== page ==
The Sabres had to hire Dan Bylsma. And Bylsma had to take this job. The only surprise from this view is what took so long for it to happen after Mike Babcock jilted Buffalo.
If Bylsma and Jack Eichel rate as consolation prizes, this offseason is off to a pretty good start.
There are only 30 NHL head coaching jobs and Bylsma needed Buffalo to get back into the league after his unceremonious exit from Pittsburgh. Seriously now, was he really going to New Jersey? Babcock already had a job. He could have easily gone back to Detroit and had the option of moving to Toronto as well. He didn't need Buffalo like Byslma does.
Bylsma has spent his year off in a variety of roles, among them studying the ways of pretty much every team in the league. He was a television analyst for the NHL Network during the World Junior Championships and an assistant coach for Team USA during the just-completed World Championships in Prague.
That's a pair of up-close views of Eichel. For a guy who's first NHL gig was coaching Sidney Crosby and Evgeni Malkin, getting the chance to mold Eichel -- and, for that matter, Sam Reinhart -- has to be pretty attractive too.
So is owner Terry Pegula's wallet. Bylsma was heavily down the road last year with the Florida Panthers, but they reportedly weren't willing to go in the range of $2.5 million per season. If the Sabres were willing to throw Babcock $6 million per, it's easy to figure Bylsma is going to rake in around $3 million and be in the top five of NHL coaching salaries. Doubt the Devils were doing that either.
Naysayers are quick to point out that Bylsma won only one Stanley Cup in Pittsburgh in the Crosby-Malkin era and that's true. But it's also the same number of Cups that the exulted Babcock won with Nicklas Lidstrom, Pavel Datsyuk and Henrik Zetterberg.
That key point was pretty much glossed over during last week's pep rally/press conference in Toronto.
Under Bylsma, No. 87 was riddled by concussions for two years. And Marc-Andre Fleury was pretty much a postseason sieve in goal, only once putting up a save percentage over .900 in the playoffs. (That will be a big question here as well: Who are the Sabres going to have in goal come October?). But who's quibbling over playoff failures from a guy who has won a Cup, when he's coming to a franchise that hasn't won a single series since 2007?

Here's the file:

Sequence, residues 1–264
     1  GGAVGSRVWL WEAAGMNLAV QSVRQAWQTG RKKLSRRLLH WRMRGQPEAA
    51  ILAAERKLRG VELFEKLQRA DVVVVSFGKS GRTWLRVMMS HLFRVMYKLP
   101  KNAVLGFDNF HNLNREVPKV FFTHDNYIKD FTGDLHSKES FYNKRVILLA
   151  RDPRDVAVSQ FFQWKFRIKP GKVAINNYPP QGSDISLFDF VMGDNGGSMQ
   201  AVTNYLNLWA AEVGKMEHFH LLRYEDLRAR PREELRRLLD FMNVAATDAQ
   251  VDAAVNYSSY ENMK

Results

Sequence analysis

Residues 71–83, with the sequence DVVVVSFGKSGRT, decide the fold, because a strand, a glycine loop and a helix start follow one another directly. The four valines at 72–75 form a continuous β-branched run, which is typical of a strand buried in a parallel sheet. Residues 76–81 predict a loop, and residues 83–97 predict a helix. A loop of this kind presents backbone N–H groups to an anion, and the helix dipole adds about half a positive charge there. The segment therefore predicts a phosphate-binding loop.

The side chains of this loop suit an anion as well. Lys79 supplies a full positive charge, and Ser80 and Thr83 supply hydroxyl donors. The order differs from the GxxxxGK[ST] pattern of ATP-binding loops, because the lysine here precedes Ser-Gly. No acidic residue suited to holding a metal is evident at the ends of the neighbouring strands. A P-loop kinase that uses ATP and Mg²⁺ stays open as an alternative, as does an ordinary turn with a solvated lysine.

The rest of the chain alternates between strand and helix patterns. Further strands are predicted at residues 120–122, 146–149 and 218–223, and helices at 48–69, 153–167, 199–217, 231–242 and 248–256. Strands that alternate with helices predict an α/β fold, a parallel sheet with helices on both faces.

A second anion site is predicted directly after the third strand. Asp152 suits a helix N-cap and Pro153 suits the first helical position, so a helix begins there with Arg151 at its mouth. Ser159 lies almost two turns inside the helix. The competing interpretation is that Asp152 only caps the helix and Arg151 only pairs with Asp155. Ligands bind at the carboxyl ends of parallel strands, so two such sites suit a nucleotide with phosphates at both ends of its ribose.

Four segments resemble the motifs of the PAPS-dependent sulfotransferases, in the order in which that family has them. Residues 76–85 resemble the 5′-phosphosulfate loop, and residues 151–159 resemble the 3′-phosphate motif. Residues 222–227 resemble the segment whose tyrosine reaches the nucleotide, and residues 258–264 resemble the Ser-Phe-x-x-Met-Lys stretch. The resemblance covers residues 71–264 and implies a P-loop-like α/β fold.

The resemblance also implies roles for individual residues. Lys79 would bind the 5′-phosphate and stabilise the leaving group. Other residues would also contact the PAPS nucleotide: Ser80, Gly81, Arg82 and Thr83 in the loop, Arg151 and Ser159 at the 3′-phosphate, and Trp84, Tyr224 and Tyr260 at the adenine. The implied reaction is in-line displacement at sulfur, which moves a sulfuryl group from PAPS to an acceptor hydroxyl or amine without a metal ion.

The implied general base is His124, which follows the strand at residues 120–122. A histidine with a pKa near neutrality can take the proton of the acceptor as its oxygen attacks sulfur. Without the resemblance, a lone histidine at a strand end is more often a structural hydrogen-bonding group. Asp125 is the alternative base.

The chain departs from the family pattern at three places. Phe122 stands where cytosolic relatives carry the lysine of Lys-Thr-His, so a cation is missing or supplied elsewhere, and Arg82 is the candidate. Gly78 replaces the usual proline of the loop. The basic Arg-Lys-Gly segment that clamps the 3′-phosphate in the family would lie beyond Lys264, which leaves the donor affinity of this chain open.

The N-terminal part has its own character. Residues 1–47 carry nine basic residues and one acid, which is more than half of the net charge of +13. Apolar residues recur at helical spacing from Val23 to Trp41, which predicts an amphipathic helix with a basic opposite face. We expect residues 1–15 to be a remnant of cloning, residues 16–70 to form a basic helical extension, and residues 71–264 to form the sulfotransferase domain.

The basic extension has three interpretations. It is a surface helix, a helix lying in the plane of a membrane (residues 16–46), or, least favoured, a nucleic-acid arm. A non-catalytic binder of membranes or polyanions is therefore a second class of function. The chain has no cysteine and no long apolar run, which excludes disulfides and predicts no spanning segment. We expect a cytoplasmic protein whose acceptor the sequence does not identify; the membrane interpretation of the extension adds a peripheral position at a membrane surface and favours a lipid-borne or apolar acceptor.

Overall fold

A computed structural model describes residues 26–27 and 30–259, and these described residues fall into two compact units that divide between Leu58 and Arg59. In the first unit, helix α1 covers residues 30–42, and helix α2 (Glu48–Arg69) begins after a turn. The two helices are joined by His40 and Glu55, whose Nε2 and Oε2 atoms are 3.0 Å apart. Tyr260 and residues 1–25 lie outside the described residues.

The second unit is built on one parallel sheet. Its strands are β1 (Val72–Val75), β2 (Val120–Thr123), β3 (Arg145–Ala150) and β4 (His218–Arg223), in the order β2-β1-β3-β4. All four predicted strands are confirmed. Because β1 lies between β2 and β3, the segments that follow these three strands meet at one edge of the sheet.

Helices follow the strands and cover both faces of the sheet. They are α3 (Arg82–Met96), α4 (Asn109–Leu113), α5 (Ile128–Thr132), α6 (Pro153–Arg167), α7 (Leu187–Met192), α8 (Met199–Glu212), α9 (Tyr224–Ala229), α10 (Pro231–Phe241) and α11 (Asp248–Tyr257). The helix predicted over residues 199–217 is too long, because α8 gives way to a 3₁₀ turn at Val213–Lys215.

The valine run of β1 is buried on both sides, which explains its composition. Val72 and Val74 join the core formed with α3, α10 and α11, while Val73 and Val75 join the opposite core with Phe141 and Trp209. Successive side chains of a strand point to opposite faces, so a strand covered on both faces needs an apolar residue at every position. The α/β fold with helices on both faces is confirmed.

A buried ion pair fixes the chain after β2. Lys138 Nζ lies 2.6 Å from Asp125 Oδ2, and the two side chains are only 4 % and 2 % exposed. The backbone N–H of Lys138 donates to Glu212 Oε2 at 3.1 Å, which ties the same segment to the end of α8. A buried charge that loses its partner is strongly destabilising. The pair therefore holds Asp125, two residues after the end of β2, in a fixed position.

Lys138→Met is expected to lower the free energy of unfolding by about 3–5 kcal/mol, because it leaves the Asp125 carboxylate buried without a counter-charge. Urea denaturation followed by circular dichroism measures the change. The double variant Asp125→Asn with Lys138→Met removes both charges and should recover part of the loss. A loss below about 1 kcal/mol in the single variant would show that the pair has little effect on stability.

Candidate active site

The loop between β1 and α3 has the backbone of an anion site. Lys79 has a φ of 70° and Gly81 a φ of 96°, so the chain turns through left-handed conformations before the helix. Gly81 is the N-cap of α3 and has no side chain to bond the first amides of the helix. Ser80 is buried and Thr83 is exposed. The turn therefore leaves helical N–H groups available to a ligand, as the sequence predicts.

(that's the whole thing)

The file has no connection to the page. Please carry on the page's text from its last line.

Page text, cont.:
Overall, this is a fascinating challenge for Bylsma. The Penguins were already a ready-made team, albeit in turmoil, when he took over from Michel Therrien late in the 2008-09 Stanley Cup season. Remember, they had also gone to the '08 finals, losing to Babcock's Red Wings. The Sabres are a heavy lift, a total rebuild of the league's worst team two years running.
Bylsma's year off from hockey should be a huge factor. You know he studied the Sabres' prospect pool closely, figuring that Ted Nolan was just a place holder. He saw Eichel and Reinhart at the World Juniors. He has some potentially strong NHL forwards in place in Evander Kane, Tyler Ennis and Matt Moulson. A good captain in Brian Gionta. Emerging prospects like Zemgus Girgensons, Mark Pysyk, Rasmus Ristolainen and Nikita Zadorov.
For Pegula and GM Tim Murray, being able to get a coach like Bylsma has to be a huge sigh of relief. There were plenty of questions about the organization's inner workings after the Babcock affair, and those questions remain. It was clear Pegula wanted a Rex Ryan-like splash and not a development coach, but getting snubbed again would have been a massive hit to the franchise's credibility. Only Babcock would be at that level, but getting a guy who beat Babcock in Game Seven of a Cup final in Joe Louis Arena isn't too bad either.
If the Sabres are really trying to win next season -- praise be -- a proven winner was needed. This hire had to be the guy the Sabres were confident could be the coach that has them someday playing hockey deep into the spring. Bylsma has been there.
He can get there again someday in Buffalo. This was one odd coaching search, with the Sabres twice putting pretty much all of their eggs in one basket. They got burned badly once. But it's hard to complain about the end result.